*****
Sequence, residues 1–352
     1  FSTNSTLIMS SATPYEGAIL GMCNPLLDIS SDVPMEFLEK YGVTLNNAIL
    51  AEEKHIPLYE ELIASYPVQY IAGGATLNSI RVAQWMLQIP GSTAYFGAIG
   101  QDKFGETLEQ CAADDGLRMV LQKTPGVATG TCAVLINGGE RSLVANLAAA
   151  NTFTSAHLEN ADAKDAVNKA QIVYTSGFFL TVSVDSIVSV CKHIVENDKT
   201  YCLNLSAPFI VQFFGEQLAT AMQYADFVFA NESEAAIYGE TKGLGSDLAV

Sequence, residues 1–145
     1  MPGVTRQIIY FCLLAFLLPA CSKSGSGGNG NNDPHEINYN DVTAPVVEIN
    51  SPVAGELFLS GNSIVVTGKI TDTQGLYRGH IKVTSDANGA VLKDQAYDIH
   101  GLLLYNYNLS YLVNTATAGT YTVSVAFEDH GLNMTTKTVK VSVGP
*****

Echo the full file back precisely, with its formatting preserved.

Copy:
Sequence, residues 1–352
     1  FSTNSTLIMS SATPYEGAIL GMCNPLLDIS SDVPMEFLEK YGVTLNNAIL
    51  AEEKHIPLYE ELIASYPVQY IAGGATLNSI RVAQWMLQIP GSTAYFGAIG
   101  QDKFGETLEQ CAADDGLRMV LQKTPGVATG TCAVLINGGE RSLVANLAAA
   151  NTFTSAHLEN ADAKDAVNKA QIVYTSGFFL TVSVDSIVSV CKHIVENDKT
   201  YCLNLSAPFI VQFFGEQLAT AMQYADFVFA NESEAAIYGE TKGLGSDLAV

Sequence, residues 1–145
     1  MPGVTRQIIY FCLLAFLLPA CSKSGSGGNG NNDPHEINYN DVTAPVVEIN
    51  SPVAGELFLS GNSIVVTGKI TDTQGLYRGH IKVTSDANGA VLKDQAYDIH
   101  GLLLYNYNLS YLVNTATAGT YTVSVAFEDH GLNMTTKTVK VSVGP